Opossums never inspired much of my time or attention before but lately, more than a few lie dead in or alongside the road. Aside from being accused of “playing possum” as a child, I knew very little about them.
Opossums are not rats!
Before studying them more thoroughly, I had dismissed them as a type of creepy rodent, but alas! Not so – not true at all.
In fact, opossums, or possums as they are often called, not only are NOT rodents, but they are the only marsupials living in the United States and Canada. Like kangaroos that we find more appealing, they are mammals that carry their young in a pouch.
New babies, according to National Geographic, tiny as honeybees, are born after a gestation period of only 12-13 days in litters up to 20 “joeys”, but fewer than half survive to crawl into their mother’s pouch where they are nurtured for about 4 months.
Michael Lipske, writing for National Wildlife Federation (NWF), thinks the opossum is not well thought of because of its long, naked tail. Even so, their tails are part of what makes them unique.
(Photo from: http://www.caryinstitute.org/sites/default/files/public/images/podcasts/pc_opossum.jpg)
Like monkeys, opossums can wrap their tails around branches to help them climb trees. They can even carry grass and other vegetation—material they use to line their dens—in their coiled tails.
Opossums are not rabies carriers!
Another popular misconception is that possums carry rabies; wrong! In fact, according to the National Opossum Society’s fact page, possums are less susceptible to rabies than cats, dogs, cattle, goats and humans!
Opossums do have their weaknesses…
Yet, they are not perfect or perfectly harmless; they do carry fleas, may sometimes attack chickens and bite people who try to grab them.
They can be bothersome as foragers that knock over trash cans and sneak into pet food when left outside and uncovered. On the other hand, they catch and eat many real pests including cockroaches and beetles, rats and mice, snails and slugs. Opossums also eat roadkill, an activity that often leads to their own deaths.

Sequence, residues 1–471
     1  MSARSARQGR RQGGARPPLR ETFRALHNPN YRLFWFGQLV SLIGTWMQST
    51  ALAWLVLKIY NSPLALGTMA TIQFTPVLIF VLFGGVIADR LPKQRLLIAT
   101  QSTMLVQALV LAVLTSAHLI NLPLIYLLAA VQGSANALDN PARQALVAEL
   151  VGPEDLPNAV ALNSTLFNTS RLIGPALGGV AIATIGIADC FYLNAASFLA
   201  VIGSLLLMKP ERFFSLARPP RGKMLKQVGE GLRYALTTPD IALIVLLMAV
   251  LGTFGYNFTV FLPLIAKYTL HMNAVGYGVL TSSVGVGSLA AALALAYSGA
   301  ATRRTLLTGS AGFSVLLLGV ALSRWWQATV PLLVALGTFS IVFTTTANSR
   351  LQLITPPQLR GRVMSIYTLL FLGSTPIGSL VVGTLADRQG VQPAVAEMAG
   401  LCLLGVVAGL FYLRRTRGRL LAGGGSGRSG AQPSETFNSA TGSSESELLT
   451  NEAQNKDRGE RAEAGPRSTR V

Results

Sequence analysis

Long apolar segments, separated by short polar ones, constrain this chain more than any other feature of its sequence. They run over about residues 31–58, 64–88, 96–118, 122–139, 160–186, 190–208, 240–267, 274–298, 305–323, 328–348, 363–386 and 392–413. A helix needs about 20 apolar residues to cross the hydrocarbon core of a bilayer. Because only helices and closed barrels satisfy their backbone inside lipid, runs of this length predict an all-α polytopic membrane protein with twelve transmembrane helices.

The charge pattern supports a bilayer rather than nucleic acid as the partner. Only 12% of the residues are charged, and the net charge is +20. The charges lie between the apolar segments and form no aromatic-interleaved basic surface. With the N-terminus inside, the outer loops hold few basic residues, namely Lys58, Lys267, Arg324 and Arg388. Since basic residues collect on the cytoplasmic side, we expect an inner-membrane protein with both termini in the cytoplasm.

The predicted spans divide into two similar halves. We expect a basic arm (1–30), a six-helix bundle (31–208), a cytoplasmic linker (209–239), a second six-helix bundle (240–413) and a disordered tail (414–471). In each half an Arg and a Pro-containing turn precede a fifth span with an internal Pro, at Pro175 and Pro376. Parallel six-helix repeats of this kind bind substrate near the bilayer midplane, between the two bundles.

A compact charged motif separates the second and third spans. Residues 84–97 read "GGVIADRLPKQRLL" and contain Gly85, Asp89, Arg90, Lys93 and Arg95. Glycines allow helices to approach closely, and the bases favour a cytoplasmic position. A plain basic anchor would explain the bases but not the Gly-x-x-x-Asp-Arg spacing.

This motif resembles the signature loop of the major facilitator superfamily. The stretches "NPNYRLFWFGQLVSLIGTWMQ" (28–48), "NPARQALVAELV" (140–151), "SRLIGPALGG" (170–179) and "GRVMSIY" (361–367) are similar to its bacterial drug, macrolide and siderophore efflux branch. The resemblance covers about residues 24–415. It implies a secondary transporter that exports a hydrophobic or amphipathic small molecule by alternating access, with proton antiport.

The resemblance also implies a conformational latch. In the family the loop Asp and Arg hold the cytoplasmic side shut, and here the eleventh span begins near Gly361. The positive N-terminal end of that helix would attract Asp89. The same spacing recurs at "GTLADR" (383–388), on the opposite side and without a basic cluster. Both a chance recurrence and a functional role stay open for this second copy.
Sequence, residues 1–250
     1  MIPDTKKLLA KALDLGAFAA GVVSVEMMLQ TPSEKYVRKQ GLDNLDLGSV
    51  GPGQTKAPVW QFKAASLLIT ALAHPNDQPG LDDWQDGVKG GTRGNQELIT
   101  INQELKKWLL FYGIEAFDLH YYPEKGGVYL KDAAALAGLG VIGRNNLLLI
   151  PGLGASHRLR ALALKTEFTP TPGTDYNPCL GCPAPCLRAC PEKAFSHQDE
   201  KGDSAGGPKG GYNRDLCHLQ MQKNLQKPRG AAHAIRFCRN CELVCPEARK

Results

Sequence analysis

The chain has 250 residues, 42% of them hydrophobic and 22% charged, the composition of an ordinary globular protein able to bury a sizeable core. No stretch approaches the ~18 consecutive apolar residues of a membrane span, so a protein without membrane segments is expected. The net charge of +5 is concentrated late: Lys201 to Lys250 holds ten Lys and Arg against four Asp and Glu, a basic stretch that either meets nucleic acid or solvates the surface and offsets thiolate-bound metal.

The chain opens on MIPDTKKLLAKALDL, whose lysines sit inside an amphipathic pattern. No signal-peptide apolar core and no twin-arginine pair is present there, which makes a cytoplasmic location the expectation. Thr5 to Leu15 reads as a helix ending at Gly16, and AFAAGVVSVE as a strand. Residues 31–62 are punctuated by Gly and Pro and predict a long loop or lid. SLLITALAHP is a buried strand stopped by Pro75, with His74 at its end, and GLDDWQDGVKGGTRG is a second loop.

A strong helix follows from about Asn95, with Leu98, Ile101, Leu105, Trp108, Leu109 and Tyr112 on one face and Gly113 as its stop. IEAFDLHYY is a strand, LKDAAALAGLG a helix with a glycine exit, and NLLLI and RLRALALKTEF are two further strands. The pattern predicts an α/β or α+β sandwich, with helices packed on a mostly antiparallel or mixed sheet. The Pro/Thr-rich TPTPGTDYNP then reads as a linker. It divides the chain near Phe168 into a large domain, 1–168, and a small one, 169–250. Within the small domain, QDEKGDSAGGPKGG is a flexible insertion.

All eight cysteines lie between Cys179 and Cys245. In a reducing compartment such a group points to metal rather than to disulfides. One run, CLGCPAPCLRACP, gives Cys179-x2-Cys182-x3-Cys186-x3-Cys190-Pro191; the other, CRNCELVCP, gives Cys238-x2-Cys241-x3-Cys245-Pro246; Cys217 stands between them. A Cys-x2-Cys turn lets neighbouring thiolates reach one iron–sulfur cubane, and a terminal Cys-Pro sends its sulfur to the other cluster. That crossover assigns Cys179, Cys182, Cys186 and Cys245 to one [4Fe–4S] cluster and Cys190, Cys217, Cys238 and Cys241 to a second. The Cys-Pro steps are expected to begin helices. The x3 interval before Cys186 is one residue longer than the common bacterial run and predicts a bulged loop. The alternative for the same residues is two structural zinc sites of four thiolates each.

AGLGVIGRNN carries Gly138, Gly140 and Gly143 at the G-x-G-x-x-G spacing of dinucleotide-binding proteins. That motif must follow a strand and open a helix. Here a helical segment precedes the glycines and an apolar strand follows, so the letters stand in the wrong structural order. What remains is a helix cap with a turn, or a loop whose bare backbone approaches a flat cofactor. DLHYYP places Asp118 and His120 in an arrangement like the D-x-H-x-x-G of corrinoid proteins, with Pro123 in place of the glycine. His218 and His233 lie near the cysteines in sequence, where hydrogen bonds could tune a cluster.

But also their unique strengths…
NWF suggests we reconsider our feelings about opossums. After all, they eat rattlesnakes and survive their bites. This is significant in that:
Researchers are studying the toxin-neutralizing factor in opossum blood in hopes that it can be adapted as an anti-venom in humans.
Opossums help control Lyme disease!
A Cary Institute of Ecosystem Studies report on the Virginia opossum revealed they groom themselves in much the same way as cats. Although they forage in tick-infested areas, they “hoover up” killing 90-95 percent of ticks that try to feed on them. Thus, they are important warriors against Lyme disease.
For the good they do, opossums deserve protection
Opossums “play dead” when frightened by predators, and when facing oncoming traffic in roadways. The National Wildlife Federation found they can maintain a death-pose for hours, even defecating and exuding green slime from anal glands as part of the act.
Ecologists, environmentalists and wildlife experts ask motorists to do their best to go around opossums on the road that appear to be dead, and not to hit them intentionally. They ask homeowners to tolerate them in their yards, noting they stay only 2-3 days in one place, moving frequently between their nesting areas.
Not really that ugly…
Supporters hope word gets out about the contributions opossums make to ecology, the environment and human health. If so, perceptions can change, and people may begin to think of the odd little creatures as a little more attractive!